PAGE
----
Significant changes to the Massachusetts cleanup regulations, known locally as the “MCP,” became effective June 20, 2014.
Three Boston-area colleges sued the Massachusetts Department of Revenue in August claiming that “clarifying” changes made to the Massachusetts Brownfields Tax Credit program retroactively changed the program and resulted in the denial of reportedly more than $17 million in such credits sought by the colleges.
A Massachusetts Appeals Court affirmed a determination by the Commissioner of the Massachusetts Department of Environmental Protection that a seawall-walkway lies seaward of the historic high water mark based on a comparison of current conditions and historic maps.
In yet another twist in the law of residential non-conformities, the Massachusetts Appeals Court has held that there are some circumstances where municipalities may require a variance in order to alter a single- or two-family residence.
The U.S. Department of Labor’s Occupational Safety & Health Administration (OSHA) continues to issue citations for alleged violations of various general industry standards (such as general housekeeping and electrical standards) and Section 5(a)(1) of the Occupational Safety and Health Act, the General Duty Clause (“GDC”), for alleged workplace exposure to fire and/or explosion hazards from “combustible dust,” despite the lack of a clear and comprehensive general industry standard governing employers’ handling of combustible dusts.
Substantive changes may be coming to OSHA’s process safety management standard, EPA’s Risk Management Plan regulations, and DHS’s CFATS program.
On July 1, 2014, the U.S. Fish and Wildlife Service and National Marine Fisheries Service published a “Notice of Final Policy” interpreting the phrase “significant portion of its range” in making listing decisions under the Endangered Species Act.
On June 23, the Supreme Court, in Utility Air Regulatory Group v. EPA , held that an industrial facility’s greenhouse gas emissions alone cannot be the basis for subjecting the source to the permitting requirements of the PSD and Title V provisions of the Clean Air Act, but if the source does a capital project that would be subject to regulation under these provisions for more conventional pollutants (e.g., particulate matter, NOx, SO2), permitting authorities may impose emissions limits on emissions of GHGs from those sources.
On June 10, President Obama signed into law the Water Resources Reform and Development Act, the first water funding legislation in seven years. In a rare showing of congressional bipartisanship, the WRRDA passed both the House (414-4) and the Senate (91-7) with nearly unanimous votes, sending a clear message that ports and coastal developments are key elements of our nation’s infrastructure.
With construction of the Tappan Zee Bridge replacement looming over his shoulder, President Obama announced an even greater commitment to reform the federal process for reviewing and permitting major infrastructure projects across the country.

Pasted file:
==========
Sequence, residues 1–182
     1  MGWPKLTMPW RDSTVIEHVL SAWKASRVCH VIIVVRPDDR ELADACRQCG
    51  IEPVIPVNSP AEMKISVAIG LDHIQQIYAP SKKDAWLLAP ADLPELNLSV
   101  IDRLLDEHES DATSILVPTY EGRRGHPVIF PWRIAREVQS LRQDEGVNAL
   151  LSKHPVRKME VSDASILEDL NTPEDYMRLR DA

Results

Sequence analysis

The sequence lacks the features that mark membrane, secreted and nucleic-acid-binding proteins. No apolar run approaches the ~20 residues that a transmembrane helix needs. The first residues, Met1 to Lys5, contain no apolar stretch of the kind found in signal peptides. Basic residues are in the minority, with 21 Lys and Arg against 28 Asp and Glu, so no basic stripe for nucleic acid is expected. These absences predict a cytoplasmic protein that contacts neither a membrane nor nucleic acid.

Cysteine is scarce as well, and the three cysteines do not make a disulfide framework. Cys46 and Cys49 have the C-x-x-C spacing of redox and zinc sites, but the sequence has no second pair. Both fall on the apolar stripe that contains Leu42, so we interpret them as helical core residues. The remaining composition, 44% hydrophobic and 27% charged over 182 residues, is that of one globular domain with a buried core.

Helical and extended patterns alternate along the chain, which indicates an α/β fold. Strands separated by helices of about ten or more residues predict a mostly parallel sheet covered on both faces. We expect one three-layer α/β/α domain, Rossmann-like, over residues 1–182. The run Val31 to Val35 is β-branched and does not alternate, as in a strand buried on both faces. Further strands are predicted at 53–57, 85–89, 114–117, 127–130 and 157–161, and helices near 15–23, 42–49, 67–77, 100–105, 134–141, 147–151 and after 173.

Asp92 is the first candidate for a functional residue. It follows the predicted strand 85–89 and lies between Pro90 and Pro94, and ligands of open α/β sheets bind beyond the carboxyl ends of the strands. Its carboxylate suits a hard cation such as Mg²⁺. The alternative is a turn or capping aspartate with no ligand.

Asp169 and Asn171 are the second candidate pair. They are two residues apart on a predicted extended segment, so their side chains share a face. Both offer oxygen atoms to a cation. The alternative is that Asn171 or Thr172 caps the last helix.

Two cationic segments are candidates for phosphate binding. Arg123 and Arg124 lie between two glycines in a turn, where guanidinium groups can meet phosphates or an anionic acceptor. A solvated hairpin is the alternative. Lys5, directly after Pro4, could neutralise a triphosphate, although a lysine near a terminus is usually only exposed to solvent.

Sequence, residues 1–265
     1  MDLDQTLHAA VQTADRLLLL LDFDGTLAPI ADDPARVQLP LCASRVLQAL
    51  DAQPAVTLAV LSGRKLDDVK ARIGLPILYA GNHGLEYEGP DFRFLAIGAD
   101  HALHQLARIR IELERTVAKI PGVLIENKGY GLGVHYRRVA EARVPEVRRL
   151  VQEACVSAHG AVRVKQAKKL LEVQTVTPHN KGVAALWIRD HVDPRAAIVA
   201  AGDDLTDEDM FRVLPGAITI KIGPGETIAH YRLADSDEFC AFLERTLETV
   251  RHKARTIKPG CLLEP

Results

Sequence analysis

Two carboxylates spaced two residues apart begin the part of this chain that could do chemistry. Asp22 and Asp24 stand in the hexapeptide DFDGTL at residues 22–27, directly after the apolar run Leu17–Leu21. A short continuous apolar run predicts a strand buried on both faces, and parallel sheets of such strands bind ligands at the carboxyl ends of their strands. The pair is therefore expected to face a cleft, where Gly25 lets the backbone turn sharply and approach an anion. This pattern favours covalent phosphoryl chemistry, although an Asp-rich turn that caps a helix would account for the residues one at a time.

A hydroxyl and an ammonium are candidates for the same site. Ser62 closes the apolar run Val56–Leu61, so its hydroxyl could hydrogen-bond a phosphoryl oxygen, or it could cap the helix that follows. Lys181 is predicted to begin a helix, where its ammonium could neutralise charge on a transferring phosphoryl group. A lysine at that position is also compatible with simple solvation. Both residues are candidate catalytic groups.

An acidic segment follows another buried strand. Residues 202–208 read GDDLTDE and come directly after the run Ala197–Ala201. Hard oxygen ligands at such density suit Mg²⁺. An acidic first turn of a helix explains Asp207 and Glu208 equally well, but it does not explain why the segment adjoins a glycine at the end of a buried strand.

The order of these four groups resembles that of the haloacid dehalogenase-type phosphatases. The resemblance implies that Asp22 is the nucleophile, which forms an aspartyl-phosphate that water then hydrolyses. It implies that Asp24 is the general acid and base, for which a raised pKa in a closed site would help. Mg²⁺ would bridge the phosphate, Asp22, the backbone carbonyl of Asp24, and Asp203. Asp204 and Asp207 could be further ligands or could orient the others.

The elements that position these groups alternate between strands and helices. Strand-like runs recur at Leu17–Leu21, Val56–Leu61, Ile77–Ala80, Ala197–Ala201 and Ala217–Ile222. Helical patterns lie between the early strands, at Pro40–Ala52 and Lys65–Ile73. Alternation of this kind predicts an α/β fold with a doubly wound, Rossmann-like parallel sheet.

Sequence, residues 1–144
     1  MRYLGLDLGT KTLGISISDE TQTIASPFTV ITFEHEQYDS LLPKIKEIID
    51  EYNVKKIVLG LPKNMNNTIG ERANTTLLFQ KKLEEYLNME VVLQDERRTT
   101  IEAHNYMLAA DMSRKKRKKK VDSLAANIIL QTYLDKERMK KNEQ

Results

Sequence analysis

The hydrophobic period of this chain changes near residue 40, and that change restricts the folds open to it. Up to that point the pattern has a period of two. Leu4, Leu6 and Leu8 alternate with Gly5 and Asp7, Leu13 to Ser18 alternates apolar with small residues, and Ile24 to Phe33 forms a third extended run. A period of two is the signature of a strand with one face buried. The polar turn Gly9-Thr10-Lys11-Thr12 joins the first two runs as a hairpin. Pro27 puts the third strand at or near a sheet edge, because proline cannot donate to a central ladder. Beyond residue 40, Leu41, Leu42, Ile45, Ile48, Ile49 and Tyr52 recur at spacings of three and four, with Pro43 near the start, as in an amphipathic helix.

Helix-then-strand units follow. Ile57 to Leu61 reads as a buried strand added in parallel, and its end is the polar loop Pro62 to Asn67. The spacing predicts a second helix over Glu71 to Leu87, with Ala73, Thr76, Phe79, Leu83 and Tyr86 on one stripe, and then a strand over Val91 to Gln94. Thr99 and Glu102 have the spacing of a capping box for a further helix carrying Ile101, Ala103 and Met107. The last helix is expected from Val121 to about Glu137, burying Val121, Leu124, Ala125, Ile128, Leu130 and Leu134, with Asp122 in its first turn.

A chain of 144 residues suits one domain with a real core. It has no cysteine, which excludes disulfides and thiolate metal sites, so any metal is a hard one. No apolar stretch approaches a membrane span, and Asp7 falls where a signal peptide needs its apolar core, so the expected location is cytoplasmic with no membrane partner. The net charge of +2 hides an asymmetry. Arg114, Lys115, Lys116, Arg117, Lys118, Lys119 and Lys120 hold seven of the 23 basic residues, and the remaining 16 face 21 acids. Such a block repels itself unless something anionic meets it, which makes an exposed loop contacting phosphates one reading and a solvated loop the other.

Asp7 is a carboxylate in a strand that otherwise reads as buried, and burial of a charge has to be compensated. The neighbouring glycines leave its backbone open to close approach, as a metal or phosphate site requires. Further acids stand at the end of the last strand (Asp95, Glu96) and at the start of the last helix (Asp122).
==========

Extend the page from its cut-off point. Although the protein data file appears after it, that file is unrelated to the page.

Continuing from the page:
Beveridge & Diamond, P.C. is proud to announce that 16 of its attorneys, including Marc Goldstein and Brian Levey in the Firm's Wellesley office have been named to the 2015 edition of Best Lawyers®, the "oldest and most respected peer-review publication in the legal profession."
On Tuesday, June 24, Beveridge & Diamond Principal Scott Fulton joined other global environmental leaders speaking at a high-level symposium “Environmental Justice and Sustainable Development – A Global Symposium on Environmental Rule of Law.”
Commending the firm for its dedication to protecting the most vulnerable members of our community, Whitman-Walker Health awarded its 2014 Going the Extra Mile Law Firm Award to Beveridge & Diamond on June 4, 2014.
Beveridge & Diamond’s appellate litigators recently secured important published decisions protecting clients’ landfills and establishing precedent favorable to the solid waste and recycling industry.
The Chambers USA Guide to the Legal Profession again ranked Beveridge & Diamond as a leading environmental law practice, nationwide and in California, the District of Columbia, Massachusetts, New York, and Texas. In addition to firm-level rankings, Chambers recognized 11 lawyers individually as leaders in their fields, including Steve Richmond and Jeanine Grachuk from the Wellesley office.
Beveridge & Diamond has 100 lawyers in seven U.S. offices who focus on environmental, project development, and natural resource law, litigation and alternative dispute resolution. We help clients around the world resolve critical environmental and sustainability issues relating to their products, facilities, and operations.
Our Massachusetts team helps clients manage their environmentalissues and provides land use, environmental, and all related litigation services to development projects for industrial, commercial and residential clients. We offer focused expertise and personalized, efficient service from lawyers who know the landscape for business in Massachusetts.
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